This blog is an excerpt from Ramen’s parenting book,“Effective Parenting: A New Paradigm”.
Fatherhood often brings you up-front with your own foolishness, fallibility and frailty.
When my daughter, Ankita was a few months old, my wife Madhavi decided that since I was of no use in the feeding and bum washing departments I should at least help in putting her to sleep.
Now Ankita was a night creature from day one. While she slept like a twig (obviously for anyone as cute and dainty and delicate as my daughter ‘log’ can hardly be used as a simile!) during the day, she was in the mood to ‘party’ at night.
Soon I was assigned the job of keeping the little one engaged for a couple of hours while the big one got her 80 winks.
But unfortunately Ankita didn’t like my mug one bit. The minute I picked her up she would bawl her head off. And it was really amazing that one who was barely as heavy as my wife’s left wrist could stir up such a racket. But stir up she did and Madhavi would wake up, give me the mother of all dirty looks (if looks could kill I would have had as many obituaries as Sachin has centuries in his kitty!).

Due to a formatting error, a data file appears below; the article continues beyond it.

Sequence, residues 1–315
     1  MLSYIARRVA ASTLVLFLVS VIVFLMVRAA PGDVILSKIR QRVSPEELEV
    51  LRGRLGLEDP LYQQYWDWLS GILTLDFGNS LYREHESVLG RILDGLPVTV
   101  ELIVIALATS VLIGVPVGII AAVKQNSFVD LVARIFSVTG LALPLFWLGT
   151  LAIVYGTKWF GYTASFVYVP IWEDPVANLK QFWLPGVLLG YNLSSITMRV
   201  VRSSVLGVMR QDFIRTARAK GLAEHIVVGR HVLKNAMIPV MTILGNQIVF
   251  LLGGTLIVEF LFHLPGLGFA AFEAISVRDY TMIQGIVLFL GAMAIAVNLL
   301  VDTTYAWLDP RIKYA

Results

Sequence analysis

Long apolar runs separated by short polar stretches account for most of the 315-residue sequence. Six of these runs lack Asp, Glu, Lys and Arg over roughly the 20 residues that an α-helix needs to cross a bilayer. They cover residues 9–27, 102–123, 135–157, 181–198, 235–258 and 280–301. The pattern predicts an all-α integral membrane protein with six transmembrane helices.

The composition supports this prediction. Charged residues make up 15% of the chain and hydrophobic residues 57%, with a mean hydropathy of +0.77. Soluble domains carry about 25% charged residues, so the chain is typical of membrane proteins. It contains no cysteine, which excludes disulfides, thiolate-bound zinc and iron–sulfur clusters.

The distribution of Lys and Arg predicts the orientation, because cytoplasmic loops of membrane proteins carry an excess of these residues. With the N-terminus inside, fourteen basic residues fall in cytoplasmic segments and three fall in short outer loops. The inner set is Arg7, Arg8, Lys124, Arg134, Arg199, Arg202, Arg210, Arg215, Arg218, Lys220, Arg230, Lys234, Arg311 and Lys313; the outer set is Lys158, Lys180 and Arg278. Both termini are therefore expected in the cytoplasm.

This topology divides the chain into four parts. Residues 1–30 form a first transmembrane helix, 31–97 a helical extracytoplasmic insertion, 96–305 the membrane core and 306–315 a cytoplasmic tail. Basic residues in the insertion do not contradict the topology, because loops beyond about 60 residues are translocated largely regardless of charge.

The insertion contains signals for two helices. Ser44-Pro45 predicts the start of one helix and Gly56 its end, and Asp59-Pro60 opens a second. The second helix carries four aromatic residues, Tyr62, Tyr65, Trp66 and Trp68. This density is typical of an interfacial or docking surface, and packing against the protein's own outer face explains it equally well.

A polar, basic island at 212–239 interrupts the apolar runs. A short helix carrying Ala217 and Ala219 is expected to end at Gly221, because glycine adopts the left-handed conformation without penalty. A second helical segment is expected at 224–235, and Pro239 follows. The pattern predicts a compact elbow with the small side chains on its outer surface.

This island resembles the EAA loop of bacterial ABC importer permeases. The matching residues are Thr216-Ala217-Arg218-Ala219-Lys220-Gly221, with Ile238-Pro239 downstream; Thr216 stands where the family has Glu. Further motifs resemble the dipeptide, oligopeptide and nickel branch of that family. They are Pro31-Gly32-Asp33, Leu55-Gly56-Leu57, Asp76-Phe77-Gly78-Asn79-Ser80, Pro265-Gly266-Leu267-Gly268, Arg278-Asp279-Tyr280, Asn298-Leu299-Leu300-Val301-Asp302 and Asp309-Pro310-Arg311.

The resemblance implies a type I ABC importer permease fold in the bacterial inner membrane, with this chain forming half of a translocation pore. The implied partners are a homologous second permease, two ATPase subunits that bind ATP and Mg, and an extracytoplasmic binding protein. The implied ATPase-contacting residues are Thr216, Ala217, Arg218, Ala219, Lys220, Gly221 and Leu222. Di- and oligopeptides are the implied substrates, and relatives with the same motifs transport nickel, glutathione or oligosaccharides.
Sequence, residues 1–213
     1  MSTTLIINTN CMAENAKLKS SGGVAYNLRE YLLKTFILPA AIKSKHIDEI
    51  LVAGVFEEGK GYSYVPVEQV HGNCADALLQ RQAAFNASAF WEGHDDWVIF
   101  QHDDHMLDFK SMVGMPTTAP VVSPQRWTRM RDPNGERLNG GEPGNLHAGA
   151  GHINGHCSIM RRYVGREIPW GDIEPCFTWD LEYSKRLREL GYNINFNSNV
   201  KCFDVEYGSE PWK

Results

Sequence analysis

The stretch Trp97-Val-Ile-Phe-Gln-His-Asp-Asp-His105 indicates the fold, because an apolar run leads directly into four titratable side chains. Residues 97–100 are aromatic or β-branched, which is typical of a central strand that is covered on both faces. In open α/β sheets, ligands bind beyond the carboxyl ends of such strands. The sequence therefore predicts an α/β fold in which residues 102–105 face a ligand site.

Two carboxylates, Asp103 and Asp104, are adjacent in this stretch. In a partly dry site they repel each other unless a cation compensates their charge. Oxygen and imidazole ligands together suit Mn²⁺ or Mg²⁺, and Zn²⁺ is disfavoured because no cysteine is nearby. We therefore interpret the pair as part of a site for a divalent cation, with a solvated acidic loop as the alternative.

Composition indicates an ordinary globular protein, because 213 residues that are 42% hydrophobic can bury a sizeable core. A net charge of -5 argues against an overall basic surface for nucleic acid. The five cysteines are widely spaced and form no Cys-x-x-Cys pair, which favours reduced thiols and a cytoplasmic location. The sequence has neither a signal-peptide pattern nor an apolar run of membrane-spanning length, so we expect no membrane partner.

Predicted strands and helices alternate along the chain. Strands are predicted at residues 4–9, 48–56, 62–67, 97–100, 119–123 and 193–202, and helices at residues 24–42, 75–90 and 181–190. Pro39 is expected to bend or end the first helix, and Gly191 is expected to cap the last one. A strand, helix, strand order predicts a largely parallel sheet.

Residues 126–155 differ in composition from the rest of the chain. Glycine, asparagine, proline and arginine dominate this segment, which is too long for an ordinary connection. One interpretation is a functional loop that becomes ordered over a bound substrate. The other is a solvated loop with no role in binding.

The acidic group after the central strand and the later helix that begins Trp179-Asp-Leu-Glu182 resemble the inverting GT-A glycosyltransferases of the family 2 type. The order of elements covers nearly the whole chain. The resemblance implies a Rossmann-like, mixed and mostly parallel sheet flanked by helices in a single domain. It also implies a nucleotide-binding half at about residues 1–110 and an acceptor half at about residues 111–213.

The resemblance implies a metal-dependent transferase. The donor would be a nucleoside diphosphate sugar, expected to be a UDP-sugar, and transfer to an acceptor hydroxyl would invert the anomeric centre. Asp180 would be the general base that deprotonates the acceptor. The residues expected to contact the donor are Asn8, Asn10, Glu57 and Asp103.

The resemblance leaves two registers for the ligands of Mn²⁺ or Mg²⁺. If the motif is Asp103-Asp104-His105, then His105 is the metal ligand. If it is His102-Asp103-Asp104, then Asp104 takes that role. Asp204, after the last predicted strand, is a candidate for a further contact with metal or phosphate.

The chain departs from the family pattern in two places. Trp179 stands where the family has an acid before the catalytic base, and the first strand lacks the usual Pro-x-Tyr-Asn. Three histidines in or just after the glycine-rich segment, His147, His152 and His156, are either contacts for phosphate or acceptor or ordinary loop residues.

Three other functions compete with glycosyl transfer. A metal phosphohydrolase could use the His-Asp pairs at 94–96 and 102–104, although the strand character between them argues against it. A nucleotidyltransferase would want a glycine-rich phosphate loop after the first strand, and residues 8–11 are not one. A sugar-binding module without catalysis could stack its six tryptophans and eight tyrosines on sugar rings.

As nights passed, I tried everything to win Ankita’s confidence: doing calisthenics, making faces, creating sounds and even yodeling. The result was the same. She would just howl and continue doing so until Mother Madhavi would come and rescue her from the clutches of Attila the Papa/ Papa the Barbarian.
A few months went by and my next assignment was administering Ankita mini-feeds. I remember very clearly the first time I had to do it. I sat on the floor of the living room with Ankita sitting in front of me. I gave her a big spoon and a small plate so that she could beat them together and create the ‘euphony’ she always delighted in achieving. Then I took one spoon of the gooey mix which fate and Madhavi had ordained, should be her diet. I fed her making all the right noises and faces which I had seen Mother Madhavi unleash. Ankita swallowed a mouthful and a strange gleam lit up her eyes. I was thrilled. I had at last succeeded in crossing a significant milestone in my career as a responsive and responsible father.